Launde Abbey was founded as an Augustinian priory in 1119 by Richard Basset, a royal official of Henry I. During the first century of its life the community buildings, cloister and garth were built, including an imposing church (of which one side chapel still survives, now used as the Chapel at the present-day Abbey). The original priory was surrounded by a minor royal forest centred on the valley of the River Chater. In the mid thirteenth century the Abbot requested permission to create a deer park, since this forest was contracting in size; the land around Launde continued to be used as a park until the dissolution of the monasteries in the early 16th century.
Thomas Cromwell, Henry VIII’s chief minister responsible for the dissolution of the monasteries, found Launde’s location very desirable. After visiting the priory in April 1540 he wrote in his Remembrances (a kind of personal journal) “Myself for Launde,” although he never occupied the house as he was executed just three months later for treason. His son Gregory, however, had kept royal favour – no doubt helped by his marriage to Elizabeth Seymour, sister to Henry VIII’s beloved wife Jane – and lived at Launde Abbey with Elizabeth for ten years; during this time he had some of the dilapidated monastic buildings restored or rebuilt. Gregory was buried at Launde and a monument erected by his wife remains in the Chapel to this day; Nikolaus Pevsner described it as “one of the purest monuments of the early Renaissance in England.”
The Cromwell family lived at Launde until the end of the 16th century and then, for the next three centuries, the house passed through the hands of various owners: the Smiths (who probably began the process of dismantling the original monastery and building the present manor house), followed by the Halfords, Clarkes, Simpsons and Dawsons. This latter family engaged Thomas Rickman to embark on an extensive restoration of the house in the mid nineteenth century.
In 1957 the prominent Leicestershire businessman Cecil Coleman, together with his wife Lilian, purchased the abbey and presented it to the Diocese of Leicester. They also paid for the conversion works to make it into a retreat house.
The Chapel is the only part left of the original Priory Church and dates mainly to the 12th and 13th centuries. The original Priory Church was three and a half times the width and extended a chapel’s length into the gardens and then along the side of the house and half way up the drive.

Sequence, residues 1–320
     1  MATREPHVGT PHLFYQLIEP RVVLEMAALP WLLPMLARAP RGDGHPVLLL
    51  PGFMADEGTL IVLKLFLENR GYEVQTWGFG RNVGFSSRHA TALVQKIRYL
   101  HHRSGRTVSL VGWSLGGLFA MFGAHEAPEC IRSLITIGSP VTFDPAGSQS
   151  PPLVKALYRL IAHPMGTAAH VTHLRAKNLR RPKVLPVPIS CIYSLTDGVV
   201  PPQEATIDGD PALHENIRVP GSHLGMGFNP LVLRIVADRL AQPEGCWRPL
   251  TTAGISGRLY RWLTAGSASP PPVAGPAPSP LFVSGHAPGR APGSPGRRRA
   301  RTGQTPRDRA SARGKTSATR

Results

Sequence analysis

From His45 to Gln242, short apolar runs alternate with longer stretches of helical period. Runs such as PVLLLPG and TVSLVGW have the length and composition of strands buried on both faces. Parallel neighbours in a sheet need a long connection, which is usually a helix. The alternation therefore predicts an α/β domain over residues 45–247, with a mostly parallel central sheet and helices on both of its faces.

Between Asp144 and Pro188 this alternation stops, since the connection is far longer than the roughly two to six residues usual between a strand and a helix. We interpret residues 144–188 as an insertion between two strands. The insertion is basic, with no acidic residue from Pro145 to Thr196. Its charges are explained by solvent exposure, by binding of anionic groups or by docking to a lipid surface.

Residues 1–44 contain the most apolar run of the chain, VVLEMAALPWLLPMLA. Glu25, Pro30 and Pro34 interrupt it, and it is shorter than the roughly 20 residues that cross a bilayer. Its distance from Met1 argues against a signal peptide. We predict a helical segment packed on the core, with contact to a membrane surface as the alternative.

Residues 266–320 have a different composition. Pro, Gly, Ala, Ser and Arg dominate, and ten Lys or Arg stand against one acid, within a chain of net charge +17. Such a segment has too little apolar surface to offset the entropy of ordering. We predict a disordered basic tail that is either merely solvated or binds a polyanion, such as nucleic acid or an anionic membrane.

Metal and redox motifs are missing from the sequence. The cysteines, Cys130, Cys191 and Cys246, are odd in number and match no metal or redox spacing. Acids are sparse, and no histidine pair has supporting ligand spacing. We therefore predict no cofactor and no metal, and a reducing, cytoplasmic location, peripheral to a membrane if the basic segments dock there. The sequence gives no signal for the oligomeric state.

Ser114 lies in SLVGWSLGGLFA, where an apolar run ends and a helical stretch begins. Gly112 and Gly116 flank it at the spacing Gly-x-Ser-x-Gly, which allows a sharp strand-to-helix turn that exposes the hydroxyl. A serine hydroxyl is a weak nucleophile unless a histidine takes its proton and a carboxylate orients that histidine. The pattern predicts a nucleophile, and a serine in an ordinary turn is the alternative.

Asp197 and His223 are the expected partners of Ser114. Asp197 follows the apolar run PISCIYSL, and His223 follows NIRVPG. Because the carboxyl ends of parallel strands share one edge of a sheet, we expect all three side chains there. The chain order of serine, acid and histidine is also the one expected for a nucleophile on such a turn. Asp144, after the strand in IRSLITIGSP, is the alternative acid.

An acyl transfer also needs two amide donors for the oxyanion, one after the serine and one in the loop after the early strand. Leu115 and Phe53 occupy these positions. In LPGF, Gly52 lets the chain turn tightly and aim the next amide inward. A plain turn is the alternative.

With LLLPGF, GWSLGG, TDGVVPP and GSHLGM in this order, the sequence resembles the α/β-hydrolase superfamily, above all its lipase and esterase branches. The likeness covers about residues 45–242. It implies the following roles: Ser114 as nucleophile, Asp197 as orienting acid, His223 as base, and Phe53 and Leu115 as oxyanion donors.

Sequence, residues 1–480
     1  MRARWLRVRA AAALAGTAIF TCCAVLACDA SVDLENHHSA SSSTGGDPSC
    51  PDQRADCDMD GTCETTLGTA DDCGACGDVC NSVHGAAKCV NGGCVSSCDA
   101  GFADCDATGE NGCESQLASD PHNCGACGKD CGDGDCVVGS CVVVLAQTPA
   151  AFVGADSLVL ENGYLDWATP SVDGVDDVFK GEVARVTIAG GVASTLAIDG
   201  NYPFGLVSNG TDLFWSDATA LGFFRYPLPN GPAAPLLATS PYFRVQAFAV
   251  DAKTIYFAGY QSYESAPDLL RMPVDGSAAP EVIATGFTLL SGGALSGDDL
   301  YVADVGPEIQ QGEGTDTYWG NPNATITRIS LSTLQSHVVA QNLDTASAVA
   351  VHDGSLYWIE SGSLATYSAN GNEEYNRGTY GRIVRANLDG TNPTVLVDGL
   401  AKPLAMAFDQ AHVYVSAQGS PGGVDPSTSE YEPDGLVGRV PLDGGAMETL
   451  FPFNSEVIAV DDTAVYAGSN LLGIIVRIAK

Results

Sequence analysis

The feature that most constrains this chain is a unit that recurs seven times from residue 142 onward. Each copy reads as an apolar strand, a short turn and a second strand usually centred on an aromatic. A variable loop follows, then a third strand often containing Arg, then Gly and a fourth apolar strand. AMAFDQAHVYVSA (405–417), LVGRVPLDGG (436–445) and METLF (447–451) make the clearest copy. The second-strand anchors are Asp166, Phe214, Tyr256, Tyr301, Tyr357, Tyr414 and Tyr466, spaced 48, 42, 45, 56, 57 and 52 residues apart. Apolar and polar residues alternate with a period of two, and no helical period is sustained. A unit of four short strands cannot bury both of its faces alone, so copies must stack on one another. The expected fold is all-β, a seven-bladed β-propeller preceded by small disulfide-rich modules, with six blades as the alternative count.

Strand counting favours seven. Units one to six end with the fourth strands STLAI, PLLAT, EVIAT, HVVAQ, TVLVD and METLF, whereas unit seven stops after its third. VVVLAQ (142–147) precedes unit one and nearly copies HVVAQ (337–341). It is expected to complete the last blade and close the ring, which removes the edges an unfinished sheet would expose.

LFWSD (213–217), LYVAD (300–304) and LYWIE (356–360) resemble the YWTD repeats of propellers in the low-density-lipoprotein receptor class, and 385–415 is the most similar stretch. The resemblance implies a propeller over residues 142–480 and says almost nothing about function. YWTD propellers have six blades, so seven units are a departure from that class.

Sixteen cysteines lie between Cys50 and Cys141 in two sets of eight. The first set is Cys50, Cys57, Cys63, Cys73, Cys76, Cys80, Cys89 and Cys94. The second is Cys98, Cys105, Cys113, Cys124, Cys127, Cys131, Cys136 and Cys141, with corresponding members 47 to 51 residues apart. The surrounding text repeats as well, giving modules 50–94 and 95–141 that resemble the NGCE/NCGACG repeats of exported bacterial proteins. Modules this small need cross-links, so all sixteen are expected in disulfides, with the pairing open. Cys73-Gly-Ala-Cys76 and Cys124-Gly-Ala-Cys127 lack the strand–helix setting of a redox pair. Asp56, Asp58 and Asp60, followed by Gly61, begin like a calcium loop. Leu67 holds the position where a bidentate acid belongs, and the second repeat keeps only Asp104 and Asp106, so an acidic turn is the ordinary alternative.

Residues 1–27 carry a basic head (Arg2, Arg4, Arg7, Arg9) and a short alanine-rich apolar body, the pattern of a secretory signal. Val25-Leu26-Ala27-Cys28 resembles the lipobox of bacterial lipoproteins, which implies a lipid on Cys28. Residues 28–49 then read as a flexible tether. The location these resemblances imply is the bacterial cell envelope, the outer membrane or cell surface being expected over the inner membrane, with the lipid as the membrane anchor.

The stained glass windows are particularly notable — the three large windows above the altar and the small windows on the south side wall date to about 1435. The monument to Gregory Cromwell, which is to the left of the altar, dates to 1551. The paintings to the back of the chapel are very fine examples of English cubism and date to the 1950’s.
This part of the house dates at least to the 1550’s although the bay window was added in the 1630’s. When the room was renewed by Thomas Rickman in the nineteenth century he took the panelling from another house and installed it here. There are three fire places that he has used to create the present fireplace — two stone and then the wooden surround. There are three dates in the room. The carvings of the figures attached to the panelling are from north Germany and were brought to Launde following someone’s holiday and installed in the 19th century.
The sitting room, which has such elegant proportions, is a delightful place to relax on a sunny afternoon. If you look at the windows from outside you will notice that one has been blocked up so that internally it has the right proportions; his was done during the nineteenth century renovations when the room was used as a library. The windows have also been lengthened — and this is best seen from outside — as have all the downstairs windows. This can seen by a darker coloured stone being used after the original window sill was removed and a new, lower window sill was installed. There is a small painting of Thomas Cromwell on the wall.
This is used as one of the meeting rooms for those who come to stay at Launde. It would have been used in the Victorian period as the Drawing Room by the family of the house. They would have sat in here during the day or in the evening. Occasionally the room is returned to this use when this suits the needs of those staying at Launde.